Jared Spurgeon is also lethal on the man advantage. Spurgeon ranks 27th on that list with 2.50 primary points per hour. Unlike Suter, Spurgeon can not only handle the puck capably at the point, but also loves to head towards the crease for scoring opportunities.
It’s a 1-2 punch that’s hard to mess with, particularly when you notice that they score a ton of goals. Dumba is 3rd among that group of 114 in power play goals per hour (1.91), while Spurgeon is 23rd (1.14). Despite the fact they’re both right-shot defensemen, they can work well together on the same unit, which happened briefly under John Torchetti.
Even if Boudreau wanted to get a left-shot defenseman into the mix, Minnesota has an option that’s better suited for the job than Suter. At age 24, Mike Reilly hardly has Suter’s name recognition, or even Dumba and Spurgeon’s proven results on the man advantage. But Reilly profiles as a power play quarterback, boasting great skating, vision, and puck skills. It’s hard to make an argument against giving him an opportunity to do what he does best: operate with space in the offensive zone.
Those three are much more logical candidates to build a power play around than Suter, and yet, Suter was the one who logged 6 minutes on the man advantage. It was Suter who led the Wild’s failed 5-on-3 charge. Meanwhile, Spurgeon got just 2:04 on the power play. Dumba (the 3rd-best power play goal-scorer in the NHL!!!) got 1:22. Reilly played a measly 32 seconds.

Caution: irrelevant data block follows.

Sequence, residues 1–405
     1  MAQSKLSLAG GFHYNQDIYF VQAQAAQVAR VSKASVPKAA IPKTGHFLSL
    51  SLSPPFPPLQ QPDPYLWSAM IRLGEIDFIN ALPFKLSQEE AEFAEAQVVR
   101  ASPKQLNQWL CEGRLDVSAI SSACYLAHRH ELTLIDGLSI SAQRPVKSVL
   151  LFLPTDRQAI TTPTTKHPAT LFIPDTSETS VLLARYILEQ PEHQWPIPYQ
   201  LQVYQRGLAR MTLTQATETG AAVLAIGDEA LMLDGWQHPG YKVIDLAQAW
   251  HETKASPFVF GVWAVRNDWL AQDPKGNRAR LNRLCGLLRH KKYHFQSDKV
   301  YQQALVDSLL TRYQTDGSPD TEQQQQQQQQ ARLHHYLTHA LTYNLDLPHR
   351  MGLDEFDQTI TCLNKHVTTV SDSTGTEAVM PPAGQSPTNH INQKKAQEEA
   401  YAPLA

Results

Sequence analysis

It was inexcusable deployment, and it produced inexcusable results.
One could understand why both Suter and the Wild would be hesitant to transition Suter to a power play-free lifestyle. Suter’s a competitor who wants to be on the ice at all times, especially in these must-score situations.
As for Minnesota, I’m sure they want their $98 million man to be able to pad his stats as much as possible. The 15 or so points Suter compiles on the power play each year is crucial to his case for individual accolades like All-Star teams or Norris Trophies. It’s a lot easier to feel good about signing large checks when they’re going to a player with hardware.
But last night made what has been long-suspected plainly obvious- Suter being on the power play hurts the Wild. He’s completely out-classed as a power play option by at least two, and probably three defensemen on the roster.
It was awful to see Minnesota come up empty on Thursday, but these things will happen, even for optimal units. But seeing those results last night was not just frustrating, it was worrisome.
Bruce Boudreau has defensemen who excel when given the space that the power play provides. It’s his job to recognize his team’s strength in that area, and exploit it fully. But instead, he elected to leave that card unplayed in favor of a decidedly worse strategy.
It didn’t work in October against one of the worst teams in the league. How can one reasonably expect a Suter-led power play to work against the NHL’s best teams in May?
You can’t. And it’s up to Boudreau to better position his power play to succeed before they get burned in a situation that matters.